California, Massachusetts, Nevada and Maine approved adult-use marijuana initiatives last night. Florida, North Dakota and Arkansas also approved medical marijuana initiatives. Unfortunately, Arizona failed to garner enough support to pass adult-use. Clearly, these votes are a watershed moment for cannabis reform in the United States. As I have stated before, California passing adult-use marijuana will likely signal the true beginning to the end of federal prohibition of marijuana. However, Donald Trump also pulled off a monumental victory for the GOP and won the White House which has created uncertainty for the industry.
What does this mean?
With the approval of adult-use marijuana in the states, the percentage of Americans living in states where marijuana use is legal for adults rose above 20 percent, from 5 percent. A recent Gallup Poll found nationwide support for legalization at 60%, the highest it likely has ever been. Florida passed its’ initiative by a 71% – Florida also voted for Trump.
As we all know, Trump is a wild card but he has not publicly taken any prohibitionist stance on cannabis. Trump recently was quoted as: “In terms of marijuana and legalization, I think that should be a state issue, state-by-state,” Trump told The Washington Post. “… Marijuana is such a big thing. I think medical should happen — right? Don’t we agree? I think so. And then I really believe we should leave it up to the states.”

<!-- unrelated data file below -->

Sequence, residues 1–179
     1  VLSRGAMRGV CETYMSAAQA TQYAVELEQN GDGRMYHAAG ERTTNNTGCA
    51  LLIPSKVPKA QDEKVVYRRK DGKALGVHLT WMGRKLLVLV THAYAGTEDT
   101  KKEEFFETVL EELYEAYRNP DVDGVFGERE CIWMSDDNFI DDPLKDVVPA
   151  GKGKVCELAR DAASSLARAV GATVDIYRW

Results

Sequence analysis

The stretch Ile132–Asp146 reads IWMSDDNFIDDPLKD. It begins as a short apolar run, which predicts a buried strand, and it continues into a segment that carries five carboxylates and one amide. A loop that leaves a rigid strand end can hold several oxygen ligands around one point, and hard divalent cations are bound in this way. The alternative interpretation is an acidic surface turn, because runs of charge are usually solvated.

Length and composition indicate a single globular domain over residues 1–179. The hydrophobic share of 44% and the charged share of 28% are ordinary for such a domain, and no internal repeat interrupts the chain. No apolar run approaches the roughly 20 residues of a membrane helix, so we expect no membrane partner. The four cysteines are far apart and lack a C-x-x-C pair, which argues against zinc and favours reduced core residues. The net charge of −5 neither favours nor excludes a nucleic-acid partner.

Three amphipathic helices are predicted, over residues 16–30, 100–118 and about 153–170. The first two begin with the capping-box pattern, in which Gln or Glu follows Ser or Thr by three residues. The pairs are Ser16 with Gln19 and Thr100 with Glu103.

I would also like to point out that the recent FY2016 omnibus appropriations bill contains the Rohrabacher-Farr Amendment which prohibits the Department of Justice from interfering with state medical cannabis laws was also widely supported by a GOP controlled Congress (passed in the House by a vote of 242-186, and the Senate Appropriations Committee approved it 21-9).
Based on all of this, I would like to remain optimistic for the cannabis industry. The United States has never been more supportive for legalization, the 6th largest GDP in world – California – approved adult-use, and Florida, who also voted for Trump, approved medical use by over 70%. The real questions will be: Does the Trump administration leave marijuana legalization up to the states and treat it like alcohol? Or does Trump appoint Christie or Giuliani as Attorney General and unwind years of hands-off federal policy towards state-legal cannabis?
I would hope the Trump White House listens to the will of the people by leaving legalization of cannabis to the states and pioneers new federal regulations that will allow for states with legal adult and medical use to opt out of the Controlled Substances Act. Trump has marketed himself as a president to shake up the establishment, lets hope he is willing to do so to end the war on drugs.